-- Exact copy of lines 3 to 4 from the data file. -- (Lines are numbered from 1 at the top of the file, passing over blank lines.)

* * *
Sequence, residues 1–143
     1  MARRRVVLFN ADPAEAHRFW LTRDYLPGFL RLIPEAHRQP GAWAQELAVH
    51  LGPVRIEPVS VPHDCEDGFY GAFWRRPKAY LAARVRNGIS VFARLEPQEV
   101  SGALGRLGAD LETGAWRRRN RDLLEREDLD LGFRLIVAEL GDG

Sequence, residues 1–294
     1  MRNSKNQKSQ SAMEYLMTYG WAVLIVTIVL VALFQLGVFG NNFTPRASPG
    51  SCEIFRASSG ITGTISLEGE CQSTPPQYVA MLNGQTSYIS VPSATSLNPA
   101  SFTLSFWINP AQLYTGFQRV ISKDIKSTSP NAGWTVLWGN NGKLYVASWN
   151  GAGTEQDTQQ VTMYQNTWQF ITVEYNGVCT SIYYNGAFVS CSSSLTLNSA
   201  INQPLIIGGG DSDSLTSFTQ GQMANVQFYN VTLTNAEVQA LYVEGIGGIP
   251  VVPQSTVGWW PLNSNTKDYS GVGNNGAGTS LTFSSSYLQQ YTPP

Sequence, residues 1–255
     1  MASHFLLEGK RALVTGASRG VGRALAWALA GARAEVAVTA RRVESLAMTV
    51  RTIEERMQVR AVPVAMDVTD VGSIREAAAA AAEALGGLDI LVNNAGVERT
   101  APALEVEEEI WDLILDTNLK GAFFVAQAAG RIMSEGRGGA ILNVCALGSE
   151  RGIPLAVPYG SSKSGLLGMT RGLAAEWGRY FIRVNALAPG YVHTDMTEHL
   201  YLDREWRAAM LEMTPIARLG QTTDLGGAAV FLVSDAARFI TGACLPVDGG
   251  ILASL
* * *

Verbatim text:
    51  LGPVRIEPVS VPHDCEDGFY GAFWRRPKAY LAARVRNGIS VFARLEPQEV
   101  SGALGRLGAD LETGAWRRRN RDLLEREDLD LGFRLIVAEL GDG